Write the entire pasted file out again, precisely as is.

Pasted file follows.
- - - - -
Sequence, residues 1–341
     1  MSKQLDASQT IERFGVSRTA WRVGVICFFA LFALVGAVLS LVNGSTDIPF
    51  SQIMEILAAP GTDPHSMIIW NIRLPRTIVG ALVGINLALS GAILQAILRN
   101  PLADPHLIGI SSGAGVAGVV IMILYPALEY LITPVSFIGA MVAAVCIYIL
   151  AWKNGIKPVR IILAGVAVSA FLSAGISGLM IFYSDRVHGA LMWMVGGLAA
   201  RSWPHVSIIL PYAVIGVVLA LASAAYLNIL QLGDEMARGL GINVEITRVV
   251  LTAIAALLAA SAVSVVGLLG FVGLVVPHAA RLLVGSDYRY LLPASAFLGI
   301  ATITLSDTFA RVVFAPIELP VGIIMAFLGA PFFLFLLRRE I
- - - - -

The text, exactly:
Sequence, residues 1–341
     1  MSKQLDASQT IERFGVSRTA WRVGVICFFA LFALVGAVLS LVNGSTDIPF
    51  SQIMEILAAP GTDPHSMIIW NIRLPRTIVG ALVGINLALS GAILQAILRN
   101  PLADPHLIGI SSGAGVAGVV IMILYPALEY LITPVSFIGA MVAAVCIYIL
   151  AWKNGIKPVR IILAGVAVSA FLSAGISGLM IFYSDRVHGA LMWMVGGLAA
   201  RSWPHVSIIL PYAVIGVVLA LASAAYLNIL QLGDEMARGL GINVEITRVV
   251  LTAIAALLAA SAVSVVGLLG FVGLVVPHAA RLLVGSDYRY LLPASAFLGI
   301  ATITLSDTFA RVVFAPIELP VGIIMAFLGA PFFLFLLRRE I